• (5) D. Jaksch, Contemp. Phys. 45, 367 (2004); D. P. DiVincenzo, Phys. Scr. T 137, 014020 (2009); N. C. Jones, R. VanMeter, A. G. Fowler, P. L. McMahon, J. Kim, T. D. Ladd, and Y. Yamamoto, Phys. Rev. X 2, 031007 (2012); N. Y. Yao, L. Jiang, A. V. Gorshkov, Z.-X. Gong, A. Zhai, L.-M. Duan, and M. D. Lukin, Phys. Rev. Lett. 106, 040505 (2011).
  • (6) S. Beigi, I. Chuang, M. Grassl, P. Shor, and B. Zeng, J. Math. Phys. 52, 022201 (2011); K. Fujii and K. Yamamoto, Phys. Rev. A 82, 060301(R) (2010); J. Joo and D. L. Feder, New. J. Phys. 13, 063025 (2011); J. Joo and D. L. Feder, Phys. Rev. A 80, 032312 (2009); E. Knill, Nature 434, 39 (2005); E. Knill and R. Laflamme, arXiv:quant-ph/9608012 and references therein.
  • (7) Y. Li, D. E. Browne, L. C. Kwek, R. Raussendorf, and T.-C. Wei, Phys. Rev. Lett. 107, 060501 (2011) and references therein.
  • (8) R. Raussendorf, J. Harrington, and K. Goyal, Ann. Phys. 321, 2242 (2006).
  • (9) S. J. Devitt, A. M. Stephens, W. J. Munro and K. Nemoto, New J. Phys. 13, 095001 (2011); S. J. Devitt, A. G. Fowler, A. M. Stephens, A. D. Greentree, L. C. L. Hollenberg, W. J. Munro and K. Nemoto, New J. Phys. 11, 083032 (2009); D. A. Herrera-Martí, A. G. Fowler, D. Jennings and T. Rudolph, Phys. Rev. A 82, 032332 (2010).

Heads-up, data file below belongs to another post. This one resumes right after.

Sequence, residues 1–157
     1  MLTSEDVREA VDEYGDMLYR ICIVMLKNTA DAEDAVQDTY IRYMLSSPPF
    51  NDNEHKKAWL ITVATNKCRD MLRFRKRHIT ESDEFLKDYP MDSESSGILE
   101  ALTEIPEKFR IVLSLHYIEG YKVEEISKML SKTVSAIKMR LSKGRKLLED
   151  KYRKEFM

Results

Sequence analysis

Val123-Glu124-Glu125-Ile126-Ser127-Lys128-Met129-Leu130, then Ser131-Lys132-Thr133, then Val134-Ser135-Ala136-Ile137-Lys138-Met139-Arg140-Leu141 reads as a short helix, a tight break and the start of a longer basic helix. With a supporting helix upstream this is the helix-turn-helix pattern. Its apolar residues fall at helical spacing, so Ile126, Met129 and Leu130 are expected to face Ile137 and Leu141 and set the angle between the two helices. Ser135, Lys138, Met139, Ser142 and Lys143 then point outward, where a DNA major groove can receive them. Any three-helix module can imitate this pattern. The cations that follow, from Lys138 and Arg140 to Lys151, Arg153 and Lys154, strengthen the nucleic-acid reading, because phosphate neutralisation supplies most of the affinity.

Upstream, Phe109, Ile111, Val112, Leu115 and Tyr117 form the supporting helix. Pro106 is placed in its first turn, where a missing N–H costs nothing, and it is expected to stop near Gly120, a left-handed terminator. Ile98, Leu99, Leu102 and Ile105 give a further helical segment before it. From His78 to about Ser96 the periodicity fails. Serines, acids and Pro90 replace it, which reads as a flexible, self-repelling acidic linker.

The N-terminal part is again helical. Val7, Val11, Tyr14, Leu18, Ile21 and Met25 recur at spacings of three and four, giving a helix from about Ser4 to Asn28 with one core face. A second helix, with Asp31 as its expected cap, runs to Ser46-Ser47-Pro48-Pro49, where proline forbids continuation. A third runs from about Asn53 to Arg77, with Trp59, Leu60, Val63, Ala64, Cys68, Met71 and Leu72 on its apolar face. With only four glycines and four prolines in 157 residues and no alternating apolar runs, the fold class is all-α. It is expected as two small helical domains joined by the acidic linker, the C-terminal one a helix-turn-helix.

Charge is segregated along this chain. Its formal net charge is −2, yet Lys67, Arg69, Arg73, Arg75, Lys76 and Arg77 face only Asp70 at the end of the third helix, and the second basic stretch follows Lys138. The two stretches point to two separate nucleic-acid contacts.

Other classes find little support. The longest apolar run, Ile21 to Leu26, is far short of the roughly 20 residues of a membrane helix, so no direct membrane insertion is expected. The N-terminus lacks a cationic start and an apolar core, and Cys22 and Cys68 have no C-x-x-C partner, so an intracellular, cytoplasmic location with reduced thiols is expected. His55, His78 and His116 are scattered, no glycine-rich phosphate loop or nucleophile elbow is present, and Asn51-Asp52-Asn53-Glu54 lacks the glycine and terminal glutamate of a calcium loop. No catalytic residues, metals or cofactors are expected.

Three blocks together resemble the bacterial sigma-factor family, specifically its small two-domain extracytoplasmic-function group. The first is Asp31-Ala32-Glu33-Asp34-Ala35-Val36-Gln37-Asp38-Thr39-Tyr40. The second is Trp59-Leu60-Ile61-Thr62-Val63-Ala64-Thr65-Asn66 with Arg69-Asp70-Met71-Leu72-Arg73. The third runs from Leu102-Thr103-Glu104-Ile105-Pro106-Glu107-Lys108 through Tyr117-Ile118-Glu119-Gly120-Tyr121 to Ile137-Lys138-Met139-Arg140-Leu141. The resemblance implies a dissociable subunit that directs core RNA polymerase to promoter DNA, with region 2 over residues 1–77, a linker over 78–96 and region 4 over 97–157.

• (10) W. J. Munro, K. A. Harrison, A. M. Stephens, S. J. Devitt and K. Nemoto, Nat. Photonics 4, 792 (2010); R. Ionicioiu and W. J. Munro, Int. J. Quant. Inf. 8, 149 (2010); C. Nayak, S. H. Simon, A. Stern, M. Freedman and S. Das Sarma, Rev. Mod. Phys. 80, 1083 (2008).
  • (11) A. Kitaev, Ann. Phys. (N.Y.) 303, 2 (2003); A. Kitaev, arXiv:quant-ph/9707021; M. H. Freedman and D. A. Meyer, arXiv:quant-ph/9810055; S. Bravyi and A. Kitaev, quant-ph/9811052.
  • (12) R. Raussendorf and J. Harrington, Phys. Rev. Lett. 98, 190504 (2007); S. D. Barrett, and T. M. Stace, Phys. Rev. Lett.  105, 200502 (2010).
  • (13) D. S. Wang, A. G. Fowler, and L. C. L. Hollenberg, Phys. Rev. A 83, 020302 (2011); A. G. Fowler, A. M. Stephens, and P. Groszkowski, Phys. Rev. A 80, 052312 (2009).
  • (14) X.-C. Yao, T.-X. Wang, H.-Z. Chen, W.-B. Gao, A. G. Fowler, R. Raussendorf, Z.-B. Chen, N.-L. Liu, C.-Y. Lu, Y.-J. Deng, Y.-A. Chen and J.-W. Pan, Nature 482, 489 (2012).
  • (15) J. R. Wootton and J. K. Pachos, Phys. Rev. Lett. 107, 030503 (2011); C. Stark, L. Pollet, A. Imamoğlu, and R. Renner, Phys. Rev. Lett. 107, 030504 (2011); A. Kay, Phys. Rev. Lett. 107, 270502 (2011); J. Ghosh, A. G. Fowler, and M. R. Geller, Phys. Rev. A 86, 062318 (2012); C. Horsman, A. G. Fowler, S. Devitt, R. Van Meter, arXiv:1111.4022; E. Dennis, A. Kitaev, A. Landahl, and J. Preskil, J. Math. Phys. 43, 4452 (2002).